- The Washington Times - Monday, December 15, 2003

The Beatles never came back. The Stones never went away. That left these two. Simon and Garfunkel’s “Old Friends” tour tottered into MCI Center Sunday night for the first of two shows. (The first sold out in 15 minutes.) A late stop on their first tour in 20 years, the show didn’t surpass expectations — but who says it had to?

Before the first note had been sung, the evening’s mood of self-conscious nostalgia was set with the projection on overhead screens of a Paul-and-Artie-and-our-times photo album.

As the slide show ended, the lights rose on the five-time Grammy-winners and Rock and Roll Hall of Fame legends who occupied a folk-pop middle ground in the ‘60s somewhere between the escapist whimsy of Donovan and the apocalyptic prophecy of Dylan.

Mr. Simon has dispensed with the rugs and ball caps under which he tried for years to disguise his baldness. Underneath, it turns out, lay a sparse planting of overgrown wisps, like a baby’s skull.

Mr. Garfunkel’s stand of curls is still thick — but oranger and even more upright. He was dressed for the wrong comeback tour. Sporting a black vest over a white shirt and black tie, he was all set to sing harmony vocals for the Knack reunion concert.

The well-behaved crowd was — is there a way to put this delicately? — remarkably monochromatic. Twenty-thousand white people: This audience made a GOP convention look like a melting pot.

The performance was slow to take off. The duo opened with “Old Friends,” a poetical young man’s field study of two older men, “Winter companions lost in their overcoats.” As delivered by the 60-plus singers, its signature line — “How terribly strange to be 70” — resonates now with an irony almost too direct.

They continued with the driving, quasi-psychedelic rock of “Hazy Shade of Winter” followed by “I Am a Rock” (“A winter’s day in a deep and dark December”) — a veritable winter suite, calculated to echo both the pair’s advanced years and the raw weather punishing the Eastern seaboard.

The first of the famous catalog to elicit instant audience recognition, the misanthropic “I Am a Rock” sounded all too literal as sung live by Paul Simon. By the time the aloof performer sang “I am a rock, I am an island” on Sunday night, it was starting to sound like a boast he was bent on proving.

Wearing a blank expression and seeming to shrink from Mr. Garfunkel’s gestures of warmth, Mr. Simon at times seemed like the only person in the arena unaware of the electric potential of Simon and Garfunkel near the end of their reunion tour in the nation’s capital on the night of the capture of Saddam Hussein.

Preceded by an initial round of the show’s recurring (and scripted) Sunshine Boys sparring about egos and billing and their famous bickering, the two romped through a self-mocking version of “Hey, Schoolgirl,” a minor Everly Brothers-style hit they recorded in their teens as Tom and Jerry.

Then they introduced Don and Phil Everly — really — and left the stage.

The Everly Brothers — harmonies more tightly synchronized than those of the headliners — ripped through four classics from their late ‘50s heyday.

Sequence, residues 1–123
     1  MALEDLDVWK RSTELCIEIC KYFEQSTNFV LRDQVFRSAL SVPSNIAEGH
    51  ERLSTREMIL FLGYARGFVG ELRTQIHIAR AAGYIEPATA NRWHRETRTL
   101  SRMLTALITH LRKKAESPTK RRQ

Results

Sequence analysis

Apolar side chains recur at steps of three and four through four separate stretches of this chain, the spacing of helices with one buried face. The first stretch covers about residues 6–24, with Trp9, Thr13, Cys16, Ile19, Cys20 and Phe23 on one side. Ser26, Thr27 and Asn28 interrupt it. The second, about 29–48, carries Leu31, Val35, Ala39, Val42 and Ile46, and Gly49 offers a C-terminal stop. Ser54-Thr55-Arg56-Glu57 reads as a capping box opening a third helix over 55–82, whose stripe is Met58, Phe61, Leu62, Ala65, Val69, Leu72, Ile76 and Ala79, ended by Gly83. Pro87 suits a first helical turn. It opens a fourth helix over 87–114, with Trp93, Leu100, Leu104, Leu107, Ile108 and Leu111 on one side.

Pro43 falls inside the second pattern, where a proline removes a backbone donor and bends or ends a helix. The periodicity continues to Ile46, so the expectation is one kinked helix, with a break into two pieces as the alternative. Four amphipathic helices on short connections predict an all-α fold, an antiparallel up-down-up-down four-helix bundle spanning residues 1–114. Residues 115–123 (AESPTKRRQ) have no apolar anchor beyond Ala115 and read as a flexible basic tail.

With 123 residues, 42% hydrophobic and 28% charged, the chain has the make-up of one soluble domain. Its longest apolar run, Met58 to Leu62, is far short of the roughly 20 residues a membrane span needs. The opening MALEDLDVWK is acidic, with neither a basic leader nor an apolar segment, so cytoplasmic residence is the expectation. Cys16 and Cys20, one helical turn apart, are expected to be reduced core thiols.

The crowd came alive, contributing raucous “ooh-la-las” to the bridge of the country-tinged gem “Wake Up Little Susie” and rising to sing along with their rousing debut hit — and country-rock template — “Bye Bye Love.”

An inspired stroke, the Everlys’ set kick-started the crowd and grounded Simon and Garfunkel — who over the years were apt to veer dangerously close to the saccharine and schmaltzy — in the rock-‘n’-roll tradition.

From then on, the hits came without interruption, and momentum built: A fragile “Scarborough Fair,” a jazzy “Homeward Bound” and the song that more than any other sounds as if it was written expressly for Mr. Garfunkel’s whispering tenor, “Sounds of Silence.”

Laugh all you want at Art Garfunkel. Call him the second luckiest guy in show business, after Ringo Starr, but his voice is one of a kind. He can project a lullaby into the nosebleed seats of a basketball arena.

Contrary to some reports of the tour, neither voice seems much diminished by wear and tear. Mr. Garfunkel’s voice in particular sounded lush, limber and lubricated. He seemed to climb the ladder as effortlessly as ever in his faithful live rendition of “Bridge Over Troubled Water.”

Mr. Simon ornamented the verse on which he sang lead with some beautiful and surprising gospelly passing notes, but his prayerful and solemn hand gestures flirted with bathos.

Mr. Simon introduced his ‘70s solo hit “Slip Slidin’ Away” with a gracious nod to his partner. Reflecting that a lot of his ‘70s solo material “would have made great Simon and Garfunkel songs,” he added, “It never hurts to have Art Garfunkel singing your songs.”

Mr. Garfunkel returned the compliment, thanking the songwriter and dominant member of the duo for the rare “gift” of “putting these songs through my voice” for so many years.

As if inspired by the Everly Brothers, the show also rocked — on “Keep the Customer Satisfied”; the surprisingly unsentimental 1975 comeback single “My Little Town”; the bright and syncopated “Cecilia,” which elicited a smile and some experimental head-tossing from a slowly thawing Mr. Simon; and above all on “Mrs. Robinson,” introduced by a film montage of home movies and clips from “The Graduate.”

As the show built to a climax, the Senior Executive Service types loosened up, the instruments grew stranger — a theremin on “The Boxer,” a kind of makeshift trombone that looked like a mortar tube with a slide on “59th Street Bridge Song”— and, finally, the standing ovations were overlapping each other.

It took longer than it should have, but then, as this long-time-in-coming reunion proved, Simon and Garfunkel have never been in a hurry.


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